Healthy food, drinks and choking guidance in New Zealand : do early learning service menus align? : a thesis presented in partial fulfilment of the requirements for the degree of Master of Science in Nutrition and Dietetics
Background: Food intake from birth to six years is especially important as early life is a period for healthy flavour learning, rapid growth, and establishing long-term eating patterns. Early learning services (ELS) provide an influential environment outside of the home where young children consume a considerable amount of their daily nutritional requirements. Understanding the foods and drinks available within ELS is crucial to address health issues young children may face during
their formative years, such as an increased risk of choking, overweight and obesity, and subsequent development of non-communicable diseases such as cardiovascular diseases and diabetes mellitus.
Aim: To assess the alignment of food and drinks served to NZ children in ELS with the Ministry of Health (MoH) Healthy Food and Drink (HFD) and Reducing Food Related Choking (choking) guidance.
Methods: Menus (271) collected remotely from 148 ELS from November 2020-March 2021 were analysed for their nutritional quality (percentage of ‘green’, ‘amber’, and ‘red’ menu items) using a scoring system based on the MoH guidance.
Results: Overall, 2.6% of menus met the MoH HFD guidance, and alignment was greater for menus for over two-year-olds (over-2s) than under two-year-olds (under-2s; p<0.01). One-fifth (18.5%) of menus met the MoH choking guidance. Services with a Healthy Heart Award (HHA) provided more green items to over-2s (p=0.039) and under-2s (p=0.01), and fewer red items to over-2s (p=0.04). Providing more green menu items was inversely correlated with providing less high-choking-risk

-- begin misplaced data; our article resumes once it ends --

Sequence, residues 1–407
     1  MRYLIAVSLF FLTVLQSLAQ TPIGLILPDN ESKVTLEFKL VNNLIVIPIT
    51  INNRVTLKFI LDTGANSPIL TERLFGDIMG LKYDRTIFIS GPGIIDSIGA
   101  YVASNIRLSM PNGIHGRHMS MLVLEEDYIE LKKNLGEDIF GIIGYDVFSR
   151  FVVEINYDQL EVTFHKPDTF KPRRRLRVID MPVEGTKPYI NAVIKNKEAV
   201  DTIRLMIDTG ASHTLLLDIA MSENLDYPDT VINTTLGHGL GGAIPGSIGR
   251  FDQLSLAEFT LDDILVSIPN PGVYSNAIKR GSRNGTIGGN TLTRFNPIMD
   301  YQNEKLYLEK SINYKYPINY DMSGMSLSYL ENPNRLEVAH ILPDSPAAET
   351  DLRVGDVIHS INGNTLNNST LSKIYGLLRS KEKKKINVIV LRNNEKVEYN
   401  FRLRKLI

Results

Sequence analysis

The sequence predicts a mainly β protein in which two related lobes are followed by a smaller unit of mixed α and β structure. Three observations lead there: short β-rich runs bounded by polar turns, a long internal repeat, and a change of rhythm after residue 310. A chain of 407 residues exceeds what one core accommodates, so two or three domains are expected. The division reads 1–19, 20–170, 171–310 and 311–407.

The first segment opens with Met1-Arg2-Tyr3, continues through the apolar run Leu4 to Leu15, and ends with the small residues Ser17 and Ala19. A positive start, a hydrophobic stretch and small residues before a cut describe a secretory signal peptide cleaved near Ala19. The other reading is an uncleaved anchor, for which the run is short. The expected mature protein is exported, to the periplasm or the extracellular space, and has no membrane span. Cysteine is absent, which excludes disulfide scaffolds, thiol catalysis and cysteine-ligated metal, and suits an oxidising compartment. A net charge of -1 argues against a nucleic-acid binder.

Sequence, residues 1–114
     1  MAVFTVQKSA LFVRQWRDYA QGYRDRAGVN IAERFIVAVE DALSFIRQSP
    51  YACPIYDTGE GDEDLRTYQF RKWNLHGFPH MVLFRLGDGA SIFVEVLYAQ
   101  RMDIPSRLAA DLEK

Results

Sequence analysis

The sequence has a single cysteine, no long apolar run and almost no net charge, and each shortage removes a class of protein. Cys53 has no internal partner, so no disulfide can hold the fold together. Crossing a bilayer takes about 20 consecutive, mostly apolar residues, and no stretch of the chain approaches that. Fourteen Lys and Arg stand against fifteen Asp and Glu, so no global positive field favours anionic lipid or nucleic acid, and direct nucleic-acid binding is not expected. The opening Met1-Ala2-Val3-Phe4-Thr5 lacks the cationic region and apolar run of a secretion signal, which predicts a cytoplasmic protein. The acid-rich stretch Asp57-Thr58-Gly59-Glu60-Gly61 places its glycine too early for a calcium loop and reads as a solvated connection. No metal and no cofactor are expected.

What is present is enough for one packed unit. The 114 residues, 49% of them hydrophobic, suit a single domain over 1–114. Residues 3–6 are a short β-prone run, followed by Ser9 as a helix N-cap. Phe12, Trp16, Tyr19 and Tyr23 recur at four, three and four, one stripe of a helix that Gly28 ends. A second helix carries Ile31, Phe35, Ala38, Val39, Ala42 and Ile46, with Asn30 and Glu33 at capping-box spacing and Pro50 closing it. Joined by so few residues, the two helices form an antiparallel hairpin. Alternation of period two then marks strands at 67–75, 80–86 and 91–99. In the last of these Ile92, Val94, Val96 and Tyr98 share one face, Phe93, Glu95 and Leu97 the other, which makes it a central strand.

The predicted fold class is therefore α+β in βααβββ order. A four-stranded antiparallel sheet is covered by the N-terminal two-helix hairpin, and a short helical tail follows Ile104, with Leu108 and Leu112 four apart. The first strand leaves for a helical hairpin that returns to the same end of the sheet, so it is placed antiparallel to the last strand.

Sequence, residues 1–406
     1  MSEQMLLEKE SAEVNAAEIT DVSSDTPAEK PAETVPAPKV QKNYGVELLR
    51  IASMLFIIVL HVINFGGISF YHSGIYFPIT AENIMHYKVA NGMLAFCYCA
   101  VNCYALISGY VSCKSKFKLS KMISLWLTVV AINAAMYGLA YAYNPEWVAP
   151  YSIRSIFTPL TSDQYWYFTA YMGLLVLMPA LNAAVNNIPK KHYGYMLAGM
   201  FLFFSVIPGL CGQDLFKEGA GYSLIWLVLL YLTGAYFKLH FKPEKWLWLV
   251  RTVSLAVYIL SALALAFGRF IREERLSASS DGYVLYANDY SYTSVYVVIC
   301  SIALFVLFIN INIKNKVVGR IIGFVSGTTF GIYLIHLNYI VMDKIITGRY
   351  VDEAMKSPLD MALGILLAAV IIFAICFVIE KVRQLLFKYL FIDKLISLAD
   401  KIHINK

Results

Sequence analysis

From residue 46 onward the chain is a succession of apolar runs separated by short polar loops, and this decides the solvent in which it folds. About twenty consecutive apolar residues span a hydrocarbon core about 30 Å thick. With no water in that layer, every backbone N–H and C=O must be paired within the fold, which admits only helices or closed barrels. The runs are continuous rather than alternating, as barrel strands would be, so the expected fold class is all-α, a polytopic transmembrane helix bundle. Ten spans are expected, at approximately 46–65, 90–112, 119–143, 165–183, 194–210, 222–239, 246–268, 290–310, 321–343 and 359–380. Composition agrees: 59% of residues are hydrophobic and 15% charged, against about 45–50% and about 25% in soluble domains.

foods (p<0.01, r=-0.347 over-2s; p<0.01, r=-0.504 under-2s). Menu scores did not vary by service location (p=0.317 over-2s; p=0.108 under-2s), neighbourhood socioeconomic deprivation (p=0.118 over-2s; p=0.770 under-2s), type (services operating independently versus those part of an education group chain; p=0.451 over-2s; p=0.520 under-2s), or menu length (full menu providing a minimum of one meal and two snacks daily, or partial menu providing less; p=0.445 over-2s, p=0.796 under-2s).
Conclusions: Alignment with MoH nutritional guidance is low, particularly in ELS caring for very young children (under-2s). Service characteristics, except for HHA status, are a poor predictor of the nutritional quality of menus at ELS. There is a widespread need to further support ELS with the implementation of nutrition guidelines.